The ethical committee of our hospital gave approval for this study to be undertaken in dept. of urology. The purpose of the present study has been to compare directly iso amyl 2-cyanoacrylate as a better alternative to conventional suture material in terms of cosmetic result, time consumed, incidence of infection and complications.


   Materials and Methods Top


All the patients seen in outpatient department for circumcision were fully informed about the study and informed consent was obtained. The study was conducted from Aug 2009 to May 2010. Totally, 88 patients of 12 to 64 years (mean 30.8 years, SD 13.2) of age underwent elective circumcision because of various reasons [Figure 1].
Figure 1: Circumcision-etiology, BXO-Balantis xerotica obliterens, Cong phimosis-congenital phimosis, Rec BP-Recurrent balanoprosthatitis

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Totally, 44 patients were selected for the experimental group (glue group) and 44 for control group (suture group). The wound approximation was compared between these two groups. All circumcisions were done by one surgeon to avoid the bias. Patients with active infection were excluded from the study. The operation was performed in local or local anesthesia supplemented with IV sedation in apprehensive patients. Skin was marked by surgical pen to ensure tension free skin closure. The technique of dorsal slit followed by removal of foreskin and frenulotomy has been used. Meticulous hemostasis was ensured by bipolar cautery.

In the control group, the mucocutaneous approximation was done by interrupted 3/0 chromic catgut. In the experimental group, cyanoacrylate glue was used for wound approximation. Antibiotic ointment was applied to urethral meatus to avoid accidental contact with glue. Mucocutaneous approximation was achieved by using pair of toothed forceps holding the two edges of wound firmly together [Figure 2].
Figure 2: Mucocutaneous approximation

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Oozing blood was cleaned with saline and wound area was dried by gauge as far as possible. After approximation, few drops of iso amyl 2-cyanoacrylate were applied at interval on one side to facilitate holding, then a thin layer applied through the wound and allowed to dry for about 10-15 s. The width of glue was not wider than 5 mm. Application of glue between the edges was avoided as it could delay the healing. Accidental spillage of glue over glans causes denudation of mucosa in one case, which was managed conservatively [Figure 3]a and b. No dressing was used in these cases.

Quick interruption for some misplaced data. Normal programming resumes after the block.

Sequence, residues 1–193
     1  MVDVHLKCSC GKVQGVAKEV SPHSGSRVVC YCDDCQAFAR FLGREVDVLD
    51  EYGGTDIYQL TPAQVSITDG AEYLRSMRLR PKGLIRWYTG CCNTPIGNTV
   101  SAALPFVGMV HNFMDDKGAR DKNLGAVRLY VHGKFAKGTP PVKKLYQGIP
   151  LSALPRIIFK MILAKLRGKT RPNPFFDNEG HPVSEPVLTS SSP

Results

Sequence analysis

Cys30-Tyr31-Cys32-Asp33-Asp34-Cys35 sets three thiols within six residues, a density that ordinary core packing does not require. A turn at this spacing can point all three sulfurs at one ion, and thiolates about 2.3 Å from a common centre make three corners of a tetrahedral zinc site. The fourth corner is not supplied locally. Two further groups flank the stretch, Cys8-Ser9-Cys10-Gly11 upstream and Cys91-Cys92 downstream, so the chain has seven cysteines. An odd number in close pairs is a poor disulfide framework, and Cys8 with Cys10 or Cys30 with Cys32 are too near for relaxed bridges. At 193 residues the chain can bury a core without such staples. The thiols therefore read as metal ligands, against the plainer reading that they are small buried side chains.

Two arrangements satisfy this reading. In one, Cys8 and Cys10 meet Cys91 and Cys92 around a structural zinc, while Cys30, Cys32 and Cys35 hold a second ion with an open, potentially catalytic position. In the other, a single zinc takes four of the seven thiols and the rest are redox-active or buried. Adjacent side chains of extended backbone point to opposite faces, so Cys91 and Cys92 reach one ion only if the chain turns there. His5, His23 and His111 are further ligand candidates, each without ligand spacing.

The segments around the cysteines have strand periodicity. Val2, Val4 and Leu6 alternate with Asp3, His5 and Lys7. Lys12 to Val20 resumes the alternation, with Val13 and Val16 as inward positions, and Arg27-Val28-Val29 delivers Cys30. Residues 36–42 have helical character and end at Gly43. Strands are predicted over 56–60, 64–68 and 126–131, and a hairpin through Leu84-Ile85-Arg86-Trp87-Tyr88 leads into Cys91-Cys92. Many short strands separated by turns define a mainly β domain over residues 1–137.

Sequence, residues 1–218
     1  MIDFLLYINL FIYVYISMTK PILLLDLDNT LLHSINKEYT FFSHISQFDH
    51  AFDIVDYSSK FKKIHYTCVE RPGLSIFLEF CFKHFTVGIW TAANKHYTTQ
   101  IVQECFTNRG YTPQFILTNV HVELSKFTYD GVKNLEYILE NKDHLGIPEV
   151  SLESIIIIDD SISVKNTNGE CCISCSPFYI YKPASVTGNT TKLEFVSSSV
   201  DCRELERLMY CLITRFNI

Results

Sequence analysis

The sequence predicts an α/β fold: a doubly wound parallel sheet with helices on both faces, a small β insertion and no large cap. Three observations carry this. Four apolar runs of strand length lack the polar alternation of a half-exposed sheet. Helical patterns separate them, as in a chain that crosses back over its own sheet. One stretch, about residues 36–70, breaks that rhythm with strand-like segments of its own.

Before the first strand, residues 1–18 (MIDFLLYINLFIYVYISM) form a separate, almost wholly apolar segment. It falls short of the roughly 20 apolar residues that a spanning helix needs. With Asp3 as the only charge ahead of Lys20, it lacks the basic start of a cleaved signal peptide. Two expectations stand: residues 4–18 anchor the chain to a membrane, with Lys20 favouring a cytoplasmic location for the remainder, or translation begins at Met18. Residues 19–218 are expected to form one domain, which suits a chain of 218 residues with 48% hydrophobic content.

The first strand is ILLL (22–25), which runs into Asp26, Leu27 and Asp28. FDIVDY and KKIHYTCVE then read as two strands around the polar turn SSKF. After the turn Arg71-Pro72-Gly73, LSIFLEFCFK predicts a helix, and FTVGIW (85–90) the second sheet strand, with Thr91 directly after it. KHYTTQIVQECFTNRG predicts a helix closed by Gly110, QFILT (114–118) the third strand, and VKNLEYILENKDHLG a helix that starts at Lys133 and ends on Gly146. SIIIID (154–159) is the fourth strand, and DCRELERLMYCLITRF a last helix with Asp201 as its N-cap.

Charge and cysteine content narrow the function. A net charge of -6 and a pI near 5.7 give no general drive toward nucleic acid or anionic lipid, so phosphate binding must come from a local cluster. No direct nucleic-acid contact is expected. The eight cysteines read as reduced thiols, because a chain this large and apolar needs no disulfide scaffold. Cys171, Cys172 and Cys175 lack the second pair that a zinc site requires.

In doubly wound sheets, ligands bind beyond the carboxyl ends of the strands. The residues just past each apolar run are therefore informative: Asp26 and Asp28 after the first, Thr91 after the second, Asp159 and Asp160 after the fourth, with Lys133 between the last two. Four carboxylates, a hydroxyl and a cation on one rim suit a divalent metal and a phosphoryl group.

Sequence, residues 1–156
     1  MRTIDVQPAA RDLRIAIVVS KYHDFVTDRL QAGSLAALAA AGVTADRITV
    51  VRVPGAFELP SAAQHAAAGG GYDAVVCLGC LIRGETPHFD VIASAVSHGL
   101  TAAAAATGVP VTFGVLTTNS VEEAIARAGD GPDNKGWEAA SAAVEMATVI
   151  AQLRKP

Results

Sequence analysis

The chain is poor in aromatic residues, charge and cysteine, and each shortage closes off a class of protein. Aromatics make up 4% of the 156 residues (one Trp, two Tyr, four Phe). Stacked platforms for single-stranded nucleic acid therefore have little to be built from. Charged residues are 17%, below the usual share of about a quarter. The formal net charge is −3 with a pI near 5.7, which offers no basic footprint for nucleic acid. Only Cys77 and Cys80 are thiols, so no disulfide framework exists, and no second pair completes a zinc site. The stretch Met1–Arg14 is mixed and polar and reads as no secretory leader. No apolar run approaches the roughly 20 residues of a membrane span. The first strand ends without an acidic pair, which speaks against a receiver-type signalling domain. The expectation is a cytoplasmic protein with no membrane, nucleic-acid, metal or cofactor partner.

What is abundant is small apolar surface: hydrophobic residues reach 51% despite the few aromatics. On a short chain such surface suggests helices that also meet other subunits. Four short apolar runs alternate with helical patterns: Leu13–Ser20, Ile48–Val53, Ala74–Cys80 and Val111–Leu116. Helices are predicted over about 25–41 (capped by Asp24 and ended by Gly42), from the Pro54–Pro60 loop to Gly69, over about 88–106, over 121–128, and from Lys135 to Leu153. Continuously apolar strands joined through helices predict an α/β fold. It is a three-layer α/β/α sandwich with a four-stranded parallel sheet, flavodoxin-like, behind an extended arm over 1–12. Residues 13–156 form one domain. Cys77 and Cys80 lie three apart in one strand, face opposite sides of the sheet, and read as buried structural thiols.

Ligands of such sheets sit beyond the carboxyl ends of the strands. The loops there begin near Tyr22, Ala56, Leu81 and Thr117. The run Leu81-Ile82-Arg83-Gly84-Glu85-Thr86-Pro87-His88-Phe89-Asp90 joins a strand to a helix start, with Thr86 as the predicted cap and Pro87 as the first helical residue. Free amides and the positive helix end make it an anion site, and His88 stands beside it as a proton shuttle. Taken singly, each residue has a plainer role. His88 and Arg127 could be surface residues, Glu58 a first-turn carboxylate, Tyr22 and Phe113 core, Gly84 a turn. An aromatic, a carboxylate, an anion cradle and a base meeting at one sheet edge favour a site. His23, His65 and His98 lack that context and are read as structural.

Figure 3: a: Spillage of glue- after five days
Figure 3: b: Spillalage of Glue over glans after 3 days


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Patients were allowed to bath after 48 h of surgery. Iso amyl 2-cyanoacrylate glue held the skin edges together for seven-eight days and then started to fall off. Postoperative pain was assessed after 5 h interval for two times using visual analogue scale in all patients. Wound infection was defined as wound discharge with positive culture. Inflammation was defined as redness around the wound edges. All patients received postoperative antibiotic. Wound healing was followed by repeated observations on 3 rd , 7 th , and 30 th day postoperatively. After one month, assessment of cosmesis was carried out by another surgeon, who had not performed the surgery. Five patients from glue group and eight from suture group did not come for review at one month.


   Results Top


Totally, 88 patients admitted for elective circumcision were studied. The age ranged from 12 to 64 years. The comparison of complications using the cyanoacrylate and the suturing for wound approximation of circumcision is shown in [Table 1]. No major complication was noted in both the groups. Tissue glue group had higher rate of partial dehiscence as compared to suture group but a comparable or less wound inflammation, bleeding or hematoma rate. However, none of these findings could reach to statistically significant level.
Table 1: Postoperative complications in two groups